36. 36. 42 case STX: // protocol violation status = ERROR; continue newMsg; // uC++ labelled continue case ETX: // end of message break eomsg; // uC++ labelled break case ESC: // escape next character suspend(); // get escaped character break; } // switch msg[lnth] = byte; // store message lnth += 1; sum += byte; // compute CRC } // for suspend(); // obtain 1st CRC byte int crc = byte; suspend(); // obtain 2nd CRC byte crc = (crc << 8) | byte; status = crc == sum ? MSG : ERROR; msgcomplete( msg, lnth ); // return message to OS } // for } // main }; // SerialDriver
  37. 37. 43 2.1.5 Producer-Consumer _Coroutine Cons { int p1, p2, status; bool done; void main() { // starter prod int money = 1; status = 0; // 1st resume starts here for ( ;; ) { if ( done ) break; cout << "receives:" << p1 << ", " << p2; cout << " and pays $" << money << endl; status += 1; suspend(); // activate delivery or stop money += 1; } cout << "Cons stops" << endl; } // suspend / resume(starter) public: Cons() : done(false) {} int delivery( int p1, int p2 ) { Cons::p1 = p1; Cons::p2 = p2; resume(); // activate main return status; } void stop() { done = true; resume(); } // activate main };
  38. 38. 44 _Coroutine Prod { Cons &c; int N; void main() { // starter umain int i, p1, p2, status; // 1st resume starts here for ( i = 1; i <= N; i += 1 ) { p1 = rand() % 100; p2 = rand() % 100; cout<< "delivers:"<< p1<< ", "<< p2<< endl; status = c.delivery( p1, p2 ); cout << " gets status:" << status << endl; } cout << "Prod stops" << endl; c.stop(); } // suspend / resume(starter) public: Prod( Cons &c ) : c(c) {} void start( int N ) { Prod::N = N; resume(); // activate main } }; void uMain::main() { // instance called umain Cons cons; // create consumer Prod prod( cons ); // create producer prod.start( 5 ); // start producer } // resume(starter)
  39. 39. 45 resume start N resume cons{p1, p2, suspend main status, done} delivery p1, p2 prod{c, N} main i,p1,p2,status main money umain prod cons umain prod cons start main delivery main main resume(1) resume(2) suspend stop resume(3)
  40. 40. 46 • Do both Prod and Cons need to be coroutines? • When coroutine main returns, it activates the coroutine that started main. • prod started cons.main, so control goes to prod suspended in stop. • uMain started prod.main, so control goes back to uMain suspended in start. 2.2 Full Coroutines • Semi-coroutine activates the member routine that activated it. • Full coroutine has a resume cycle; semi-coroutine does not form a resume cycle. resume stack(s) suspend call return routine semi-coroutine full coroutine
  41. 41. 47 • A full coroutine is allowed to perform semi-coroutine operations because it subsumes the notion of semi-routine. _Coroutine fc { void main() { // starter umain control flow semantics mem(); // ? resume(); // ? inactive active suspend(); // ? } // ? suspend last resumer public: uThisCoroutine() void mem() { resume(); } resume this }; void uMain::main() { context switch fc x; x.mem(); } mem mem main x main i umain x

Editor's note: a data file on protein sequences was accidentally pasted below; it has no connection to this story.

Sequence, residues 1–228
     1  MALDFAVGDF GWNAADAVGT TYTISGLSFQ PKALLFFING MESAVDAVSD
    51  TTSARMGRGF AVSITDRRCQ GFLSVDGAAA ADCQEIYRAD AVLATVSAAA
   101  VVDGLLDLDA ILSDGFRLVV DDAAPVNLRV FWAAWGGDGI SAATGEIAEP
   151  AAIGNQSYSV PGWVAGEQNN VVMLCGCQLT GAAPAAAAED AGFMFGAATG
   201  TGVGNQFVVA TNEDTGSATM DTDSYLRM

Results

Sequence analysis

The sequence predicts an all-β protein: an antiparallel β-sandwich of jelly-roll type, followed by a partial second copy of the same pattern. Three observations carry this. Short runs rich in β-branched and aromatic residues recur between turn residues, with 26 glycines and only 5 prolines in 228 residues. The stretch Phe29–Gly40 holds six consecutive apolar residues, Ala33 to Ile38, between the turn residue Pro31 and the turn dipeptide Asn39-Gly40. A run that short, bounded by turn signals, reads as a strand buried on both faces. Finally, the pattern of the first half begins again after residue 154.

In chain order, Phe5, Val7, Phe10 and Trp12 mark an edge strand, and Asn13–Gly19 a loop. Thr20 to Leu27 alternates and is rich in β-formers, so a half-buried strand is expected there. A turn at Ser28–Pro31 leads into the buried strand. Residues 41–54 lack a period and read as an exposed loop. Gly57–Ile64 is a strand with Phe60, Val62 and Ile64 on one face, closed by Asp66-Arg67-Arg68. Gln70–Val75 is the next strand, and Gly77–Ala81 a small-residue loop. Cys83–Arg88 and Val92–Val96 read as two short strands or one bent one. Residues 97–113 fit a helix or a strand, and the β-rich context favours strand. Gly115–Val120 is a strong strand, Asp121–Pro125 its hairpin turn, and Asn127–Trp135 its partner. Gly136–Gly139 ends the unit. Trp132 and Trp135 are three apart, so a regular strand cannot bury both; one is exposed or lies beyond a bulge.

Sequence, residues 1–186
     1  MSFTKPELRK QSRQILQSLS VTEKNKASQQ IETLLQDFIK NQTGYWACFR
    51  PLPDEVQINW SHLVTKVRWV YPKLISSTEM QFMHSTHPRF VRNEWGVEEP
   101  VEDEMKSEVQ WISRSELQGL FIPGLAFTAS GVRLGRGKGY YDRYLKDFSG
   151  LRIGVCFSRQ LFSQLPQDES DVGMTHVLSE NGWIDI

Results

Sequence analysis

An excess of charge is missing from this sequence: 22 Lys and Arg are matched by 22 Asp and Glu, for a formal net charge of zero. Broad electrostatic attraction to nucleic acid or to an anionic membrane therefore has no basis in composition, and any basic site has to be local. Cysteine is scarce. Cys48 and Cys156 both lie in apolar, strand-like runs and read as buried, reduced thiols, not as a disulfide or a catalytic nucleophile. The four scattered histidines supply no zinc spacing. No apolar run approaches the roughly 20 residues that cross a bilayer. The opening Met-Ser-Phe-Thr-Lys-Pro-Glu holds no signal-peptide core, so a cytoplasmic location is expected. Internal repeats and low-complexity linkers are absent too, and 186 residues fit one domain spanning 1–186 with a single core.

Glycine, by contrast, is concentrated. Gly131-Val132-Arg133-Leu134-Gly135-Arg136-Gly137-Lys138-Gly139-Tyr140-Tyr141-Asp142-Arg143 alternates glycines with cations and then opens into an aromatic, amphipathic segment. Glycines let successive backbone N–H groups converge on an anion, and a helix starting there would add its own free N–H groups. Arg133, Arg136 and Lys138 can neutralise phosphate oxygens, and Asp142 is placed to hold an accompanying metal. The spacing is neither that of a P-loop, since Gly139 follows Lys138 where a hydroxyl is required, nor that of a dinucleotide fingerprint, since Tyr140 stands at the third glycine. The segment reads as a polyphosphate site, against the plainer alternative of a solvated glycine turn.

42. 42. 48 umain fc mem main main resume • Suspend inactivates the current active coroutine (uThisCoroutine), and activates last resumer. • Resume inactivates the current active coroutine (uThisCoroutine), and activates the current object (this). • Hence, the current object must be a non-terminated coroutine. • Note, this and uThisCoroutine change at different times. • Exception: last resumer not changed when resuming self because no practical value.
  43. 43. 49 • Full coroutines can form an arbitrary topology with an arbitrary number of coroutines. • There are 3 phases to any full coroutine program: 1. starting the cycle 2. executing the cycle 3. stopping the cycle • Starting the cycle requires each coroutine to know at least one other coroutine. • The problem is mutually recursive references: fc x(y), y(x); • One solution is to make closing the cycle a special case: fc x, y(x); x.partner( y ); • Once the cycle is created, execution around the cycle can begin. • Stopping can be as complex as starting, because a coroutine goes back to its starter.
  44. 44. 50 • In many cases, it is unnecessary to terminate all coroutines, just delete them. • But it is necessary to activate uMain for the program to finish (unless exit is used). creation starter execution umain umain umain x y x x y y